Once each executive has had a turn procesing the first section, ask them all to read carefully to themselves what is written under their name in the Count On section and then ask them to get ready to respond to the following:
Would you like to ask any clarifying questions?
Do you agree that listed items are your responsibility?
Is anything you are responsible for missing?
Do any of your items conflict with each other or with what is listed for others?
Are things listed consistent with what you are good at such that you can be successful doing them and such that your organization is getting highest-and-best use from you and your talents?
Ask each executive in turn to read outloud what is written for them and address the five questions above. Facilitate discussion until clarity is achieved and then move on to the next person until everyone has had a turn.
Step 3: Best Advice
Finally, ask them to read carefully to themselves what is written under Best Advice. Ask one executive to select one Best Advice item and invite her/him to:
Ask for clarification or explanation about what is meant by what is written.
Work hard to draw out what others have to say.
Not to be defensive in any way.
Repeat back what they hear to be sure they understand.
Iterate with the group until they are all clear, and until the group knows they are clear about what is being said and until all agree it is time to move on to the next point.
Repeat the process with the first Best Advice items for the next executive. When everyone has processed their first Best Advice item, start again with a second item and repeat until all items have been covered for each executive.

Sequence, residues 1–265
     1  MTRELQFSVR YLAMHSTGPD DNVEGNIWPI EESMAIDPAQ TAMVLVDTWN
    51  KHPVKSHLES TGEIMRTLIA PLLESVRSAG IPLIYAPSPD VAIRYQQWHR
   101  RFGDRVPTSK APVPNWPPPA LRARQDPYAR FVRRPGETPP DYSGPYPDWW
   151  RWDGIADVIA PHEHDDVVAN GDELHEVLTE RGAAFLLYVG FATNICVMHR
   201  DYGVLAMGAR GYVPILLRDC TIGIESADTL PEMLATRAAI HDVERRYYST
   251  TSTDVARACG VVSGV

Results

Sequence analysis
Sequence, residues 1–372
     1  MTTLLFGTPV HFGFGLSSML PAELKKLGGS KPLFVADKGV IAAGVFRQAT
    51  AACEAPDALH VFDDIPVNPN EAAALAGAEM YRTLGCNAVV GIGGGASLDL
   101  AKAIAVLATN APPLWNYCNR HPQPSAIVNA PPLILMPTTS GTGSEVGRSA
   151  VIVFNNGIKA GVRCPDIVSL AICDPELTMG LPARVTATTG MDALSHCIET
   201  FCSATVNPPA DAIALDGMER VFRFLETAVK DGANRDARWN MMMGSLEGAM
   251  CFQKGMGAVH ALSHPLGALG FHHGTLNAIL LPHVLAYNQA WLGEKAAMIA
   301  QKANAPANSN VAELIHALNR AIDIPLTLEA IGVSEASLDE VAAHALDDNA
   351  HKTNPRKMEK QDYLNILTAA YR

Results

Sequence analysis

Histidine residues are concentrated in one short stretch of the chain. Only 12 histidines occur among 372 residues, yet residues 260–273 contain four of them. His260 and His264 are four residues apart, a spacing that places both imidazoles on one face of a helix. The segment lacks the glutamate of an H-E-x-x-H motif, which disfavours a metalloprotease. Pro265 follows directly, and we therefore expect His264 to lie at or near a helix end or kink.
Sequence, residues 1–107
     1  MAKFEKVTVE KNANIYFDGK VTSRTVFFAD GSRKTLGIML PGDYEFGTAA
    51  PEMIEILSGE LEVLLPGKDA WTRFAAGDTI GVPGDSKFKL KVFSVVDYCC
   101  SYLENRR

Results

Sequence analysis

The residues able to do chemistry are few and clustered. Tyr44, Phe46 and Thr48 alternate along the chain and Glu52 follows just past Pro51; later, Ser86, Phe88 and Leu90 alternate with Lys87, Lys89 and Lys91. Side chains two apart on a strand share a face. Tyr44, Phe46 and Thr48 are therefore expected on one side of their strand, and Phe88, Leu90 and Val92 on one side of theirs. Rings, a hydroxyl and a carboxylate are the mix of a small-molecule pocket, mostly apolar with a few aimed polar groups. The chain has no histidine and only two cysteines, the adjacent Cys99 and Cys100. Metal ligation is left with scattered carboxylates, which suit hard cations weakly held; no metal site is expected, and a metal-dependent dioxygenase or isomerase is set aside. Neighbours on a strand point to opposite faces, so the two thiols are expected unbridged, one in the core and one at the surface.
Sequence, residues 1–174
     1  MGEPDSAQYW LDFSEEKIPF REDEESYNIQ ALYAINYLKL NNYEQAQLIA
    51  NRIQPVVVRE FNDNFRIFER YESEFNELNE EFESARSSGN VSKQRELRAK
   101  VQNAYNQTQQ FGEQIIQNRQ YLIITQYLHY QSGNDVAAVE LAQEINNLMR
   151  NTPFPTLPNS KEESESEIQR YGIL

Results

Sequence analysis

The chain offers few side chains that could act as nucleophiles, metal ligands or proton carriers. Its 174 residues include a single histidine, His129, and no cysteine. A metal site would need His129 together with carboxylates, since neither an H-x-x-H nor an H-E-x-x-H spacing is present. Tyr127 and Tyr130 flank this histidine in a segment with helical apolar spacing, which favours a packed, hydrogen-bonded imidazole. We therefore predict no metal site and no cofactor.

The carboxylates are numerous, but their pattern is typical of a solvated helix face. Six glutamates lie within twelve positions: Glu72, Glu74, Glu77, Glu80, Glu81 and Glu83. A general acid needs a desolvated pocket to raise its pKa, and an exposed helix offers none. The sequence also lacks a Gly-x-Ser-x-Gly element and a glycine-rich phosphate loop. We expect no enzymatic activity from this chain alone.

Step 4: Summary
Ask the group to discuss:
What they noticed during this exercise?
What they individually, and as a group, learned about their roles and the roles of others.
What was learned about how much they have to share with each other and how to do so?
Ask if a similar exercise should be done from time to time with their group and perhaps with other groups in which they work.
If the group is feeling good from the exercise and there is energy for one more question, consider asking each executive to write down and then talk through what they feel is important for them to get better at in order to live up to the team’s expectations.
A fundamental human need is to be known and understood by others. Steps 1 and 2 help each group member to feel known and understood by their teammates which creates the opportunity for a rich flow of information between them.
Step 3 builds on, and takes advantage of, the comfort established in Steps 1 and 2. The result is a deep sense of closeness and connectedness which allows each member of the group to share openly with the others and to be aggressively interested in what others have to say to them. Group members are thus able and inclined to help each other fulfill their potential individually and collectively in the press of day-to-day activity and not just at an offsite.
The exercise can and should be repeated from time to time to keep leaders synchronized and aligned. The best leaders will follow suit with similar exercises with their own teams. The odds of success with this exercise are dramatically improved when it is facilitated by a trained Organization Development professional.